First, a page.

A strong earthquake with a preliminary magnitude of 6.5 has struck Botswana, with shaking felt across southern Africa, including South Africa, Mozambique, and Zimbabwe.
The earthquake, which struck at 7:40 p.m. local time on Monday, was centered about 44 kilometers (27 miles) east of Gope, or roughly 229 kilometers (142 miles) northwest of Gaborone. It struck at a shallow depth of about 10 kilometers (6.2 miles).
The U.S. Geological Survey (USGS) put the preliminary magnitude of the earthquake at 6.5, making it the country's largest earthquake ever recorded.
Shaking has been felt across southern Africa, with reports of tremors being felt in the capital Gaborone and neighboring countries, including in Johannesburg and Pretoria in South Africa. Shaking has also been felt in Zimbabwe, Mozambique, Lesotho and Swaziland.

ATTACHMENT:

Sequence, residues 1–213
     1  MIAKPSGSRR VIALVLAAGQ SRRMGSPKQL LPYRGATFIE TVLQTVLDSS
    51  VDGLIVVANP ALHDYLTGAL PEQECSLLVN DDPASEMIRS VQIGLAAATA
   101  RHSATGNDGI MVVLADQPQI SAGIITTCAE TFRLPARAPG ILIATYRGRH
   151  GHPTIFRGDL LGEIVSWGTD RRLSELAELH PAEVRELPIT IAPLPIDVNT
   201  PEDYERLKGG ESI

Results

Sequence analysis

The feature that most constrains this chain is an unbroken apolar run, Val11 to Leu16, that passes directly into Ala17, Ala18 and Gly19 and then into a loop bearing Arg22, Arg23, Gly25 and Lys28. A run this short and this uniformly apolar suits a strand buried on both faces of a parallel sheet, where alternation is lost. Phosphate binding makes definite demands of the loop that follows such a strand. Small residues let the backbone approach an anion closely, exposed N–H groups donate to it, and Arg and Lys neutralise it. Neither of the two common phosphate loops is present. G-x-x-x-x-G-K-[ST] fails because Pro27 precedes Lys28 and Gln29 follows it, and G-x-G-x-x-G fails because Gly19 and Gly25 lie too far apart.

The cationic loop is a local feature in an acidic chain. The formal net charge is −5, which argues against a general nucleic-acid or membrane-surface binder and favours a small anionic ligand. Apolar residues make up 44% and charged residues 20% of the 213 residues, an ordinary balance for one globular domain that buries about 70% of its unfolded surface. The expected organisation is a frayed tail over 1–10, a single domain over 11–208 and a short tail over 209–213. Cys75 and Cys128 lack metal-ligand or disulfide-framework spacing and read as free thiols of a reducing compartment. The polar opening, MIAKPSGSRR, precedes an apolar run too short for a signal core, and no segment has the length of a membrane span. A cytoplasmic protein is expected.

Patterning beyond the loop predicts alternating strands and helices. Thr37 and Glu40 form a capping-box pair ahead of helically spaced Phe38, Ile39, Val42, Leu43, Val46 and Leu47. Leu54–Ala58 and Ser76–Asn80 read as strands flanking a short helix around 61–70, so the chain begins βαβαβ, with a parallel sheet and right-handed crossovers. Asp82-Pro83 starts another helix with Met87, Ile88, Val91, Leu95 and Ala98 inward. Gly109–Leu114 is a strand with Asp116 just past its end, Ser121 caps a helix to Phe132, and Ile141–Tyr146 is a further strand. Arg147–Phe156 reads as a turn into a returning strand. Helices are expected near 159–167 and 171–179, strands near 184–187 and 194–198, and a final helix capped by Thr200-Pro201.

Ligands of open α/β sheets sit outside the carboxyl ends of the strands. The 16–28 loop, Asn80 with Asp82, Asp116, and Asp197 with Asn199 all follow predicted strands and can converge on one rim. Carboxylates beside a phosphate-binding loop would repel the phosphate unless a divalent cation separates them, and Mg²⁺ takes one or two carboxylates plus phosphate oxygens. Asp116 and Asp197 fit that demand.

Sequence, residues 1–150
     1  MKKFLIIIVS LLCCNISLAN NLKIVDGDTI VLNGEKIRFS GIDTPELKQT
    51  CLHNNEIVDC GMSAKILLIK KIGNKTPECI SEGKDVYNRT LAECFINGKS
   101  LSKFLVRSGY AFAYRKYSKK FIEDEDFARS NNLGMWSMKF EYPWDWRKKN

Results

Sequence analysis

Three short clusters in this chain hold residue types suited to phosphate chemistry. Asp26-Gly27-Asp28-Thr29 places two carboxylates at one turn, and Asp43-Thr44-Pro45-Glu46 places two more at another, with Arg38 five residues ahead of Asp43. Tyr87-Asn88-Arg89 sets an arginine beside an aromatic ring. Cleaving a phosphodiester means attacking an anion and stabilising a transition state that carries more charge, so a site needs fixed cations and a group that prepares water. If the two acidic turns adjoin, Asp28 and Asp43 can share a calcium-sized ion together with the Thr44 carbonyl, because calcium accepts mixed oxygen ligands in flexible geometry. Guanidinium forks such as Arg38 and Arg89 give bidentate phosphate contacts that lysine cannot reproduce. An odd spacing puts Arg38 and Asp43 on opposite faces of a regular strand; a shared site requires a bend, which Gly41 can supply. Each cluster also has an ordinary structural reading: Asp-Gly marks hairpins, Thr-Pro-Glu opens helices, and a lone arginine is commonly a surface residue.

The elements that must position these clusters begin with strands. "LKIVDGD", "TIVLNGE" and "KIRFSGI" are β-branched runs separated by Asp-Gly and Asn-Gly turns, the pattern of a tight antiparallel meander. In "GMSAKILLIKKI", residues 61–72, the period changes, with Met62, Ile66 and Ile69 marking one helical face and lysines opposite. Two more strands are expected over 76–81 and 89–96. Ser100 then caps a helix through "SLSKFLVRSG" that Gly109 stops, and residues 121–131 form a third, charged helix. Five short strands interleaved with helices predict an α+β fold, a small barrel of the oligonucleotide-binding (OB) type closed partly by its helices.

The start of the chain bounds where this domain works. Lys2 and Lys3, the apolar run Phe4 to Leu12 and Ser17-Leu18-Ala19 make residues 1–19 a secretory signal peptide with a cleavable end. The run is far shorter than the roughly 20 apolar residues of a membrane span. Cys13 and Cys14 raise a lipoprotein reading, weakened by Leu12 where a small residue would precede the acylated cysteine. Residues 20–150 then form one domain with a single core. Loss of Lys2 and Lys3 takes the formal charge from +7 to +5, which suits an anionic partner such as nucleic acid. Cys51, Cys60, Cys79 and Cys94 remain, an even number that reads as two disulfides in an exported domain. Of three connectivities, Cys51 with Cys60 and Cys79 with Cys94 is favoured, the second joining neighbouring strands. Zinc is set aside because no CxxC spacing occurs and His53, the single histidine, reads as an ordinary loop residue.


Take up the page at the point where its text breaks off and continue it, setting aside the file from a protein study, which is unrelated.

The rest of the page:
There was no immediate word about damage or casualties but we'e working to gather more information. Robert Mulaudzi, a spokesman for the emergency services in Johannesburg, said there were no reports of injuries in the city but many people evacuated the buildings they were in.
Computer models from the USGS show that as many as 25.8 million people across the region may have felt the earthquake, though the area near the epicenter itself is not heavily populated. An estimated 56,000 people may have experienced "strong" to "very strong" shaking, according to the USGS.
"Very scary and everyone in the house panicked," a resident who lives in Gaborone told EMSC. Another resident, across the border in South Africa, added: "The ground was shaking for almost two minutes. Felt very strong."
Monday's earthquake is the largest earthquake to strike Botswana in modern history, surpassing a 5.9-magnitude earthquake that struck the same region in September 1952. That earthquake was followed by a 5.8-magnitude earthquake just a month later.